Using filters to conjugate mass-rolloff doesn't bother me. You pretty much have to do that for any horn that provides constant directivity but it's a pretty simple first-order slope. There's a little more to it than that, because the response below mass rolloff is generally flat, so the conjugate filter needs a flat region followed by a second region with rising response, to counter where mass-rolloff begins.

What bothers me is using horns that have a lot of ripple, and then smoothing them with response-shaping notch filters. I have never found that approach to be satisfactory.

As for impedance compensation, there are a myriad ways to do it, but sometimes I like having the complex impedance of the horn/driver in the circuit to modify the transfer function in a favorable way. The changing impedance can be expoited to one's advantage. In those cases, I do not try to set load impedance flat, but instead use changing impedance of the load to modify the transfer function. This approach uses fewer parts, and sometimes allows really useful filter functions to be formed, with more complex shape than one would expect from the parts count. But the point still remains, that there is a filter function type that specifically requires a flat "resistive" load. This would be an impedance modification filter, like what was described by Zobel so long ago.
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Old 28th July 2013, 09:42 PM   #105
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Originally Posted by gedlee View Post
Show me an example of a horn/compression driver system that has no peaks when there is no electrical modification.
Below you'll find a pretty good example. It's a TAD compression driver on one of their radial horns of a decade ago.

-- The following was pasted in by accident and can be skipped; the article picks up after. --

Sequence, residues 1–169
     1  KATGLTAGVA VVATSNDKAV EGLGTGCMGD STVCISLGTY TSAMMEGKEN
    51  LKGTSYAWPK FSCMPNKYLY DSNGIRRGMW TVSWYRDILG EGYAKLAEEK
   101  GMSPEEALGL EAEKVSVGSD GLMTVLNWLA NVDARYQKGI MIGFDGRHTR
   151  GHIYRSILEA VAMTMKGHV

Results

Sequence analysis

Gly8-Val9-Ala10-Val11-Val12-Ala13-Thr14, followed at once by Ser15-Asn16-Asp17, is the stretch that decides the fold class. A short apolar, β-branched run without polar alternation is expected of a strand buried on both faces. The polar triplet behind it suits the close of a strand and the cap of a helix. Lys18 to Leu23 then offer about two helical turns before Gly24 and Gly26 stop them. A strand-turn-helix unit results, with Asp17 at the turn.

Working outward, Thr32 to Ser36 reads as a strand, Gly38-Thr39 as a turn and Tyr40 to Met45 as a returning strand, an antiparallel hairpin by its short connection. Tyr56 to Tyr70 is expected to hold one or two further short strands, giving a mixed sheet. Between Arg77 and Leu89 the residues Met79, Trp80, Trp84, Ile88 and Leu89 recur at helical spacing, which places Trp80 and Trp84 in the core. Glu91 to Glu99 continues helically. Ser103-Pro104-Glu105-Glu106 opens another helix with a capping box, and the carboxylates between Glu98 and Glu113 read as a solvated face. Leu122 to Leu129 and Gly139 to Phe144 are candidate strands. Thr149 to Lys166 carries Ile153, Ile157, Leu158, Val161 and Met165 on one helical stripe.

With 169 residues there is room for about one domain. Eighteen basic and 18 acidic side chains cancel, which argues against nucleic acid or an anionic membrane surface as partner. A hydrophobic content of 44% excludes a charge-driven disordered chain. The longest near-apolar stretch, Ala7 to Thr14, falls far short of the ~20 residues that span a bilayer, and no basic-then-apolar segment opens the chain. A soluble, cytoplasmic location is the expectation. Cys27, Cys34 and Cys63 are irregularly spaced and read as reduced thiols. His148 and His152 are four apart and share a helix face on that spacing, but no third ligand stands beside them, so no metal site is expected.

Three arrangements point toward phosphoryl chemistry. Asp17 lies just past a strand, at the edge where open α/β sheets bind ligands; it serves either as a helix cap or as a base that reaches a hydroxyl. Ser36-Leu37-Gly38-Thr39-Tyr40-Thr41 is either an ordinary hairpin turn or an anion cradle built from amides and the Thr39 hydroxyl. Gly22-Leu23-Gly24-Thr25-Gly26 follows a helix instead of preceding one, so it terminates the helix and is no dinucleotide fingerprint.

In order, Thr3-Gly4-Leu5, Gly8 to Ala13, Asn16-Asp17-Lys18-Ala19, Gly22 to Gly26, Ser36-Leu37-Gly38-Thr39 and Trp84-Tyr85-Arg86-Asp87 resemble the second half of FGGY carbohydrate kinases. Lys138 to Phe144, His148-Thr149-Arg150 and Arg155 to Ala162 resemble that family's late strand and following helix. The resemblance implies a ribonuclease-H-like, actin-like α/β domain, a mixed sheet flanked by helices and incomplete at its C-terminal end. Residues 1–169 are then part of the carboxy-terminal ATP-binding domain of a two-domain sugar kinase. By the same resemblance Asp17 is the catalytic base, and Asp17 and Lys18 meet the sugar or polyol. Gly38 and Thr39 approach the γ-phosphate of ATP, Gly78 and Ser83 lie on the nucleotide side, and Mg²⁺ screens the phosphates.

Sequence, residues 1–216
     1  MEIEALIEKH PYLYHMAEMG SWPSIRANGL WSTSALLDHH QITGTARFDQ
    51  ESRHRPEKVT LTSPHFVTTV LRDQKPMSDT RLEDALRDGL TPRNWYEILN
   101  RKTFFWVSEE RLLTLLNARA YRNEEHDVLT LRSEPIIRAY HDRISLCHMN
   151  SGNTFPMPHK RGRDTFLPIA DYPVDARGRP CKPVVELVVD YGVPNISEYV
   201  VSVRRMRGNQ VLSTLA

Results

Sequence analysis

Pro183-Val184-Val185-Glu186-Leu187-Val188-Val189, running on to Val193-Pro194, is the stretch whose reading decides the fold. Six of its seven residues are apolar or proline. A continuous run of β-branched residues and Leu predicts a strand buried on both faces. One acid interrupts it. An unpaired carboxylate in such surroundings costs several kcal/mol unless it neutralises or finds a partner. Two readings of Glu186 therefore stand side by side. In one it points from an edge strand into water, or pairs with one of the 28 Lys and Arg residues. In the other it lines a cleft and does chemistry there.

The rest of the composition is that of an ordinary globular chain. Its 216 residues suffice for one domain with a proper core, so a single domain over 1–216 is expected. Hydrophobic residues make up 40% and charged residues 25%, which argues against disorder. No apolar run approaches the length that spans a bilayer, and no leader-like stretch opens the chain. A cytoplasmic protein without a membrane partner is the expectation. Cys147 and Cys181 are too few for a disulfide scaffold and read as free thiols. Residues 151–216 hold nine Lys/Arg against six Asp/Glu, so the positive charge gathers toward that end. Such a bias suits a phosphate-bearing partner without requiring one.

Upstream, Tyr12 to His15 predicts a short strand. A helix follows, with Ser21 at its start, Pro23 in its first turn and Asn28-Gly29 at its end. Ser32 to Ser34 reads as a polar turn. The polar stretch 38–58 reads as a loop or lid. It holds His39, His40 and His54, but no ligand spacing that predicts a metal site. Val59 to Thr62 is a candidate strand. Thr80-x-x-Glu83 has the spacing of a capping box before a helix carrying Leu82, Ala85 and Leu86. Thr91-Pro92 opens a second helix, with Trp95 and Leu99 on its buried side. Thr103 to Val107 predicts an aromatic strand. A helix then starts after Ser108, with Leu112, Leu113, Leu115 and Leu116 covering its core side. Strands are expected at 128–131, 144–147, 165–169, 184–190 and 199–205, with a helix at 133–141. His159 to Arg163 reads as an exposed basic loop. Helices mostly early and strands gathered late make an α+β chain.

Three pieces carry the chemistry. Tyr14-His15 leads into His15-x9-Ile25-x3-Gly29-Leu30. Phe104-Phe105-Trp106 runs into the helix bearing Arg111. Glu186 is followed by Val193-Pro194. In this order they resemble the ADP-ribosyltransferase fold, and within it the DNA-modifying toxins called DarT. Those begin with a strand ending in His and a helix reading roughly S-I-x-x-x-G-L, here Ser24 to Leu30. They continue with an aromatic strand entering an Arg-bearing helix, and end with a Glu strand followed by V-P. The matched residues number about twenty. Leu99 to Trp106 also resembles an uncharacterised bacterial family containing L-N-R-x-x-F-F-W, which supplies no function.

You can find lots of other examples like this. I myself used a radial horn for quite some time that was really smooth on-axis and had pretty good horizontals too.
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Old 28th July 2013, 10:11 PM   #106
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Wayne,
The top octave on that horn is why I used the TAD ET-703 from 10khz on up.
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Old 28th July 2013, 11:07 PM   #107
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Yes, it doesn't do the top octave but is a good example of a horn that is ripple-free down low and midband. With decent acoustic loading, the amplitude response is smooth. Plenty of other examples like that out there too.
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Old 28th July 2013, 11:09 PM   #108
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While I might question the details of that system, I'll give you that it might be possible, but it is the exception, not the norm. Most systems will not be over-damped with extremely low cutoffs like that one and those will always exhibit a peak. A peak which is easily and effectively flattened with a LRC circuit.
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Old 29th July 2013, 12:02 AM   #109
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I think this is where we meet in the middle. I tend to agree that, especially for conical horns and waveguides, it is often useful to damp the lowest peak with the crossover. Conical horns and waveguides tend to have poor acoustic loading at low frequencies so you have to live with that to get their inherent benefits in other areas, i.e. directivity, wavefront propogation, etc.

But just like I said in the Uniform Directivity thread, I wouldn't throw the baby out with the bathwater. I'm not willing to trade smooth response and accept a lot of ripple. I'm ok with one resonant mode, down in the crosover region where I can damp it naturally. But I'm not ok with three or four of them, all the way up the band. That's the way some of the old prosound CD horns act, and they sound nasty even when equalized flat.
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Old 29th July 2013, 12:54 AM   #110
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I still am not in agreement, but I am tired of arguing with you.

"where I can damp it naturally" whatever that means.